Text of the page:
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Congress approved a bill this week overhauling federal farm and nutrition policies that will give permissions to grow hemp in certain areas of the U.S. for the first time in many years. 

The bill, now being sent to President Obama for approval, contains a brief clause authorizing colleges and universities to grow industrial hemp for research purposes, as long as their state permits cultivation of the plant. That gives nine states the thumbs-up: California, Oregon, Montana, Colorado, North Dakota, Kentucky, West Virginia, Vermont, and Maine. Another 11 states have bills pending before their legislatures this year.

Legalized growing of hemp had congressional allies from both ends of the political spectrum. Democrats from cannabis-friendly states have pushed to legalize hemp cultivation, as have Republicans from states where the plant could be a new cash crop.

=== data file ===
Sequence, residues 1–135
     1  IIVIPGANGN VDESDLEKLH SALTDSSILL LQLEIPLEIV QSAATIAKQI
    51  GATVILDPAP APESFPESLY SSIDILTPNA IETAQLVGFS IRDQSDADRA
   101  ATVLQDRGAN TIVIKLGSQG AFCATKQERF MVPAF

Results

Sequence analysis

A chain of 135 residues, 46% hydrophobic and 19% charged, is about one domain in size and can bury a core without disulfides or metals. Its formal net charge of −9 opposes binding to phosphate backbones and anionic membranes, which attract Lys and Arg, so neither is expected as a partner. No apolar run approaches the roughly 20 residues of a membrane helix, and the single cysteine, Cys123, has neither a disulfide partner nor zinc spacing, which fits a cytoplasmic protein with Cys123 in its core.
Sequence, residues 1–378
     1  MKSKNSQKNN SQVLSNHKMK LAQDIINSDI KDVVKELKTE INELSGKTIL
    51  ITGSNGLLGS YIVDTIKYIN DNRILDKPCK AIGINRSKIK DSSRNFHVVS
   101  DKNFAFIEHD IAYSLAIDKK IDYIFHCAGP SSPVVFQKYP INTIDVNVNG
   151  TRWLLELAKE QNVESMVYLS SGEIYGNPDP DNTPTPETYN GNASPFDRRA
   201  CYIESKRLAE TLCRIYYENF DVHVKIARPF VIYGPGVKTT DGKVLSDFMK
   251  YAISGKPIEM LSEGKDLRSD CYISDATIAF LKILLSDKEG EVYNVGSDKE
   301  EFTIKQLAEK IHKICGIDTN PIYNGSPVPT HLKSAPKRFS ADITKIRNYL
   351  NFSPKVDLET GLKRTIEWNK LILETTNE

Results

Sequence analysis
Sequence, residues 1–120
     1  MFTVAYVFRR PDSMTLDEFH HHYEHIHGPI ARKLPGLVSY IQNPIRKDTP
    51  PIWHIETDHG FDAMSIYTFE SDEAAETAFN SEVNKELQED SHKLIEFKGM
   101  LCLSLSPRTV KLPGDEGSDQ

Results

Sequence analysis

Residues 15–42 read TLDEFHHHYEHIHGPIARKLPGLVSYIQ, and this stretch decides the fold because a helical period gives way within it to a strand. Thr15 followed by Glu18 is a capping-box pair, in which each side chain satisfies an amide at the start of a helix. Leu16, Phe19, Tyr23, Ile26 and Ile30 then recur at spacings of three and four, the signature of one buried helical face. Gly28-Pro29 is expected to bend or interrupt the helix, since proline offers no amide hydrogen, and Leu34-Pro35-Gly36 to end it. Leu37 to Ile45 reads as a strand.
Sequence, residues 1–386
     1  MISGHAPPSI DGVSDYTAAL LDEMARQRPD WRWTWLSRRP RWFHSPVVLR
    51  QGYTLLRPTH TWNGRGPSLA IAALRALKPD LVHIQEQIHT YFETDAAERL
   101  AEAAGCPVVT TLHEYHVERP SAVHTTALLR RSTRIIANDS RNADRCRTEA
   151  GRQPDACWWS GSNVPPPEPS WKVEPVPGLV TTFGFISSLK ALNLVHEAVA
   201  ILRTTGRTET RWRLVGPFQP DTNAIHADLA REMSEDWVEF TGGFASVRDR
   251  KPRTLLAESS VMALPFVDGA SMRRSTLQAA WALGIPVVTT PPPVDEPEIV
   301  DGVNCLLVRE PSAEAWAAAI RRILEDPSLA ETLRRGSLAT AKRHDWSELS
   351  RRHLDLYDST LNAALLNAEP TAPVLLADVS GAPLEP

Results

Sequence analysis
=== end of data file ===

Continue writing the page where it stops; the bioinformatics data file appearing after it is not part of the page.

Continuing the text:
In 2011, the U.S. imported $11.5 million worth of legal hemp products, up from $1.4 million in 2000. Most of that growth was seen in hemp seed and hemp oil, which finds its way into over 25,000 different products—from medicines to plastics to granola bars and other foods. Even BMW’s new electric car, the i3, uses hemp to line the door panels.

"This is big," Eric Steenstra, president of Vote Hemp, a group that advocates for the plant's legal cultivation, said late last month. "We've been pushing for this a long time."

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